Today, I want to touch on a topic that I assume all of my readers are interested in — how best to grow wealth.
I’ve chosen real estate investing as a vehicle for wealth creation, but I’ve never really taken the time to explain why I’ve chosen real estate investing and why I believe it is (one of the) great ways of achieving financial freedom. Hopefully, this article will explain why I like real estate investing so much, and why I believe that real estate is a great wealth creator for everyone.
I imagine many of you have read articles (like this one) that talks all about how saving money and investing it wisely over a long period of time can generate large sums of cash. The conventional wisdom is that, if you start saving early enough in your life, you contribute periodically to that savings and you invest that savings into a safe, diversified portfolio (stocks, bonds, CDs, etc), you can retire at 65 very comfortably.
Not only does it sound great in theory, but if you do it right (start early, continually contribute, invest in a diversified portfolio), it really works! In 40 years, you can have a tremendous amount of money saved for retirement. There is a major downside to approaching wealth-building in this fashion: Time. In fact, time is a major downside in two ways:
- This style of wealth creation requires you to start at a very early age. If you don’t start early enough, you won’t have enough time for compound interest to work its magic and start to generate large sums of cash.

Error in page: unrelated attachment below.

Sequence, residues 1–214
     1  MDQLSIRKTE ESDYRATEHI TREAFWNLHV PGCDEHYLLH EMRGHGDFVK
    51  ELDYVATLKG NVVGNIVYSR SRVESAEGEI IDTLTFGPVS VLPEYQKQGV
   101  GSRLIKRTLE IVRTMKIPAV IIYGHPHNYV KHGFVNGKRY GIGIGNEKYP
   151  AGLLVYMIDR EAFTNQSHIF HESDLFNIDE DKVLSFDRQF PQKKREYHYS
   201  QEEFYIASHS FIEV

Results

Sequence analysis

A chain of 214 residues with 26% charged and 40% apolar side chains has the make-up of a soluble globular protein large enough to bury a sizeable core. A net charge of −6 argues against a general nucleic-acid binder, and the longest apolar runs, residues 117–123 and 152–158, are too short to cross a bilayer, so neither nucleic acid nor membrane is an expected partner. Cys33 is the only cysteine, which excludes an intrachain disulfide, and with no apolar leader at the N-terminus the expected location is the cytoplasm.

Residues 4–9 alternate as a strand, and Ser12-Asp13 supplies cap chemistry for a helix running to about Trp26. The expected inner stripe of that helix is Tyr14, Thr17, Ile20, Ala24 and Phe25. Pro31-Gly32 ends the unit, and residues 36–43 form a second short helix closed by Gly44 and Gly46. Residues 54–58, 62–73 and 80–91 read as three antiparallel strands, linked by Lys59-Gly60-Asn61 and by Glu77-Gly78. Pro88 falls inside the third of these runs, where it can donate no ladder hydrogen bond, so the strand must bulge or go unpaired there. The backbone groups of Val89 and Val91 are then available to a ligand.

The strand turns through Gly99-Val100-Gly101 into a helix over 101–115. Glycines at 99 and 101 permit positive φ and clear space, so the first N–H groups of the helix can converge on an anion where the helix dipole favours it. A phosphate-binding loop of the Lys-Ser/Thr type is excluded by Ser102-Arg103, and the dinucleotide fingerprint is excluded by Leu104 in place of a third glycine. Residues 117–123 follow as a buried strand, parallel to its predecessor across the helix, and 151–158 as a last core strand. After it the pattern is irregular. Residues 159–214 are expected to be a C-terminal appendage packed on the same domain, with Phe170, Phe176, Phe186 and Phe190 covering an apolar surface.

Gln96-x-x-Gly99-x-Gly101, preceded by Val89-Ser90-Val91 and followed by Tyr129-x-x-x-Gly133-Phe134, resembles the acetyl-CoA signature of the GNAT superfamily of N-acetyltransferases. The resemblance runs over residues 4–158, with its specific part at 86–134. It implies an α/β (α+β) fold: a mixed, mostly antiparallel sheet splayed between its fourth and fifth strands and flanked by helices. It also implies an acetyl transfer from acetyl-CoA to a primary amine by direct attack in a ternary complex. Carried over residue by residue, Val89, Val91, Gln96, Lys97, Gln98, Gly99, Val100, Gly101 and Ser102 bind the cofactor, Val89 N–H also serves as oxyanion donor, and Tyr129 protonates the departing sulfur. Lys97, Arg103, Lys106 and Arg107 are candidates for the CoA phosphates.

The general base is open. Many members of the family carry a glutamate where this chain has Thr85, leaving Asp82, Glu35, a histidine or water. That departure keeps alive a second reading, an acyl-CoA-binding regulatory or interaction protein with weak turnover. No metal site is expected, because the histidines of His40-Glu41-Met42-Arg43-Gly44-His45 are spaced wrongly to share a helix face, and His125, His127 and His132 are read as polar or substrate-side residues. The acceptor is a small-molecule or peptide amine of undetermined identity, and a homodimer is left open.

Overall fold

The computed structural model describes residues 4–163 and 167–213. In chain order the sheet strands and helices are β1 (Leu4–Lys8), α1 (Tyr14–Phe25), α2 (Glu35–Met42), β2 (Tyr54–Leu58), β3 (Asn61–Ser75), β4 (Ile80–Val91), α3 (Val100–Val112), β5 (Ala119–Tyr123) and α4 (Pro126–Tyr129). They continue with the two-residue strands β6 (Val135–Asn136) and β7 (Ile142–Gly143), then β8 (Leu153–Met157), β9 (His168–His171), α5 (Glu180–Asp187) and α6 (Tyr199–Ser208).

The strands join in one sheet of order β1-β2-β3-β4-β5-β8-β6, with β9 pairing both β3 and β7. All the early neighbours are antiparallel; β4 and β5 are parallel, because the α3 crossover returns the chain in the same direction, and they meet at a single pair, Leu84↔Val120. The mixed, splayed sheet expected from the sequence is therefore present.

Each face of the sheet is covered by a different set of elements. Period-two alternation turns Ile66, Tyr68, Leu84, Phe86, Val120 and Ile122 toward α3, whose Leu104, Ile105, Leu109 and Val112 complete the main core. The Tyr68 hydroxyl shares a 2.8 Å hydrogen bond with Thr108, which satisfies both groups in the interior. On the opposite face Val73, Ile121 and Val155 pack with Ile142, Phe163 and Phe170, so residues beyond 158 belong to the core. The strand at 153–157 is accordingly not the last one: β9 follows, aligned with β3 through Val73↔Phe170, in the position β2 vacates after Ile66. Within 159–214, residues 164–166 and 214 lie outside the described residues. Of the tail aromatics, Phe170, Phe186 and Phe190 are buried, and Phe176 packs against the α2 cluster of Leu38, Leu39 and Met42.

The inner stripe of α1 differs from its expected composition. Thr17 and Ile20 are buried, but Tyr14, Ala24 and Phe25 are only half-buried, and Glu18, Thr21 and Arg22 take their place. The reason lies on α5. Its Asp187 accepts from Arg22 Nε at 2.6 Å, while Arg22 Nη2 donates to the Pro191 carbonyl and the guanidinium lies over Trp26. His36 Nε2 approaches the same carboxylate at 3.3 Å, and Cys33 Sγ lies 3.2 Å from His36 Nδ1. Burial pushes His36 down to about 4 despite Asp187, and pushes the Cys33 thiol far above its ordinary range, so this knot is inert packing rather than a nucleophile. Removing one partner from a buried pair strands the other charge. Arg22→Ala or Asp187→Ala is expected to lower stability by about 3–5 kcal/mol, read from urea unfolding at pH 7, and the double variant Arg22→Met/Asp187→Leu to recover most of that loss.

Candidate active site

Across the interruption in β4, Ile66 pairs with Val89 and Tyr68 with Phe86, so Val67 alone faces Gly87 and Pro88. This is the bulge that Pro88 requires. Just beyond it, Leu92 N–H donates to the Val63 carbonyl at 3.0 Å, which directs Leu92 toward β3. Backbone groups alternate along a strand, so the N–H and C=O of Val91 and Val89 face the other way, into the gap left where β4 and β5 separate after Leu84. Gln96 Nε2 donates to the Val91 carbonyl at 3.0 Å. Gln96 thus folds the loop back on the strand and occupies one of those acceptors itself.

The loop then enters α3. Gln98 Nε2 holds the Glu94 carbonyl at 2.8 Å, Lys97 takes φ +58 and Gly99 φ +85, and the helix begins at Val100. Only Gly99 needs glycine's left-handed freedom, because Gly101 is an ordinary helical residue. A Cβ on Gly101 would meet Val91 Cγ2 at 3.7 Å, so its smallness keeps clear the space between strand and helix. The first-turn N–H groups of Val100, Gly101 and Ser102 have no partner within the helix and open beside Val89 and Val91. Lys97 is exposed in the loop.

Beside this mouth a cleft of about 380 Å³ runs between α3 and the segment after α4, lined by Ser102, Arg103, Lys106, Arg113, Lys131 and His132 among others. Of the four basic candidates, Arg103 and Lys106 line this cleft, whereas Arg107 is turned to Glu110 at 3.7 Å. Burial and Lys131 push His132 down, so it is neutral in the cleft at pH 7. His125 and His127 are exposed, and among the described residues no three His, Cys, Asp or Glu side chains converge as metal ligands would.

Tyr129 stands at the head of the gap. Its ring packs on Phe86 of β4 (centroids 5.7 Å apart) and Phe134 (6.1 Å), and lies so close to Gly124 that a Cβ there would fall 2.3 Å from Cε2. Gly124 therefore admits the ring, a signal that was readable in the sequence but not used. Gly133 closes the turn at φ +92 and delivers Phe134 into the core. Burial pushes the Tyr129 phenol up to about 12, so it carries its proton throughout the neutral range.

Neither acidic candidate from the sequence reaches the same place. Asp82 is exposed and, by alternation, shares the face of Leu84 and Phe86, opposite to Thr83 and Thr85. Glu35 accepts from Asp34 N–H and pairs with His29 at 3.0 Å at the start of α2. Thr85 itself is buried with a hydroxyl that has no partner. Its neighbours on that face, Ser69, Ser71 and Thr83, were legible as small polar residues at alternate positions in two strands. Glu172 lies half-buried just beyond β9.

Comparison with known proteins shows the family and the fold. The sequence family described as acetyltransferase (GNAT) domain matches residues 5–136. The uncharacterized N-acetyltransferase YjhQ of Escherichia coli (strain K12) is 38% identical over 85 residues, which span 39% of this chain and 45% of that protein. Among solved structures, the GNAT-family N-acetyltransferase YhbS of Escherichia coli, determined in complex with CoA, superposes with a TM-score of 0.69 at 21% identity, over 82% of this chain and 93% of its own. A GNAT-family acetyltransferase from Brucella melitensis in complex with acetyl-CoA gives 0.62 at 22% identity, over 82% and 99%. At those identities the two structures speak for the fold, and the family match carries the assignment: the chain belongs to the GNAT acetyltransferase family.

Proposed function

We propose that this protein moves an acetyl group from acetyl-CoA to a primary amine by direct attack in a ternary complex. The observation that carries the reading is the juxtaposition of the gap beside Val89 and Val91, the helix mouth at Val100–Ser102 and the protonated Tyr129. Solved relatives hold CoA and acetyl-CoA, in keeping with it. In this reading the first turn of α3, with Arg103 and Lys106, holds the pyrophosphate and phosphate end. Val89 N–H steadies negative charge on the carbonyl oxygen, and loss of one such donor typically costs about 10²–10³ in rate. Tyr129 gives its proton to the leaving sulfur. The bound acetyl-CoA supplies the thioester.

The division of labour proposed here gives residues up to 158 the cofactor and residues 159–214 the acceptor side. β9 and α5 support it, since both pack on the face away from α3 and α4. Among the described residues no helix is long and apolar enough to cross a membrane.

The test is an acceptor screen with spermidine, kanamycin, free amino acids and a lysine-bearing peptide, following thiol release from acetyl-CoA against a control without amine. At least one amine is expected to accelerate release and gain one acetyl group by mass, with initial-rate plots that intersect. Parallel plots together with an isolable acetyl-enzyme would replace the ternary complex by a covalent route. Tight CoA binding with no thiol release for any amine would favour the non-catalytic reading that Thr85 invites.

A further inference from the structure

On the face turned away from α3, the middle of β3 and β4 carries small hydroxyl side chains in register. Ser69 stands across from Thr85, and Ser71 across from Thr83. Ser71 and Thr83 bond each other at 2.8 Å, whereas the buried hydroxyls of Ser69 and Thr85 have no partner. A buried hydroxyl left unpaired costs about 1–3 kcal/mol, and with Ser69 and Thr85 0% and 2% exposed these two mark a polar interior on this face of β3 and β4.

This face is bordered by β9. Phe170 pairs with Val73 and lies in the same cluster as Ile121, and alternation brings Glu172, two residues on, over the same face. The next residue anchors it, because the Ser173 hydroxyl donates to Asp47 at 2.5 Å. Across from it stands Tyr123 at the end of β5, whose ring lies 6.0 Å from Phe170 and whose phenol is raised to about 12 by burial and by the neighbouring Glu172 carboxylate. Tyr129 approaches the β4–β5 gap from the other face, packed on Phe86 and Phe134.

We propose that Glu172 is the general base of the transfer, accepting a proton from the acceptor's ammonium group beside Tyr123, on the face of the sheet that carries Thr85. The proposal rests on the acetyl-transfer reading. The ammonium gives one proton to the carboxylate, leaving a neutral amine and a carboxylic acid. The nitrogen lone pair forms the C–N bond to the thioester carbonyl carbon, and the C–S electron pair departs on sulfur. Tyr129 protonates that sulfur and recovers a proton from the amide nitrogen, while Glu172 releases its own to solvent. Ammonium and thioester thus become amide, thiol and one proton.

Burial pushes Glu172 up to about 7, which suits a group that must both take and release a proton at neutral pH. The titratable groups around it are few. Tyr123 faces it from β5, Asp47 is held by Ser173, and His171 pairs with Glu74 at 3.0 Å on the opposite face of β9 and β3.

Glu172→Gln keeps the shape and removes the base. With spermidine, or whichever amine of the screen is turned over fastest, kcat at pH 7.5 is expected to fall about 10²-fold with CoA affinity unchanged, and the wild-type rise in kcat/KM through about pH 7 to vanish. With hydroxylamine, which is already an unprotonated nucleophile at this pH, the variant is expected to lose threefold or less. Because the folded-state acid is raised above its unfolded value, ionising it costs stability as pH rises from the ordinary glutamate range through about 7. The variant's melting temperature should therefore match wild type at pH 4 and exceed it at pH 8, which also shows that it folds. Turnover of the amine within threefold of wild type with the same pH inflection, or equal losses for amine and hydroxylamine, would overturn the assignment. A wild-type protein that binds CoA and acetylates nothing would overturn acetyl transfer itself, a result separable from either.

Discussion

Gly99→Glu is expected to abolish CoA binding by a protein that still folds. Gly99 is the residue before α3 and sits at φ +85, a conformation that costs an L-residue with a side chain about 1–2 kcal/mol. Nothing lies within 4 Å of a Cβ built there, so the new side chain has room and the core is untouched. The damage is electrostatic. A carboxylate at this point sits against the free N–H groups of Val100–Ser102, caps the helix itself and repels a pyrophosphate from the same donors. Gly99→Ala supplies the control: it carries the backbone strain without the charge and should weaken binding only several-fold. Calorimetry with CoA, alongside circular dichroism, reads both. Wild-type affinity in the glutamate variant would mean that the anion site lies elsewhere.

- This style of wealth creation requires decades to build the amount of wealth needed to attain financial freedom from a 9-5 job.
So, while saving, continually contributing and investing in diverse portfolio will certainly work for some people, it won’t work very well for those who aren’t young and/or those who don’t want to wait decades to attain financial freedom. Let’s take a look at an example that will demonstrate what I’m talking about.
Let’s look at three investors, aged 25, 35 and 45. All are saving for retirement. Each saves and invests $1,000 each each month and earns 8% annual returns on their investment — pretty typical of a diversified portfolio.
At age 65, the investor who started at age 25 will have over over $3,500,000. The investor who started at age 35 will have just over $1,500,000. The investor who waited until 45 to start investing will have under $600,000. Waiting 20 years to begin investing cost the investor nearly $3,000,000! In fact, only $240,000 of that would have come directly out of the investor’s pocket — over $2,650,000 of that is lost interest!
Starting just 10 years earlier can even make a significant difference. The investor who starts at the age of 35 will have two and a half times as much as the investor who starts at the age of 45. Clearly, the longer you invest/wait, the more money you have, but other than waiting, there is absolutely nothing you can do to influence the return on your investments. You have no control over how quickly you grow your money.
And again, for those who don’t have the time (are older) or don’t want to wait (looking for financial freedom sooner), this isn’t an optimal recipe for wealth creation.
But luckily for these two groups of folks, time doesn’t have to be the only factor when it comes to trying to achieve financial independence. When it comes to investing, there are actually two important variables that contribute to how much your money will grow. As we discussed, Time is the first. But the second is equally – if not more – important: Rate of Return.
Rate of Return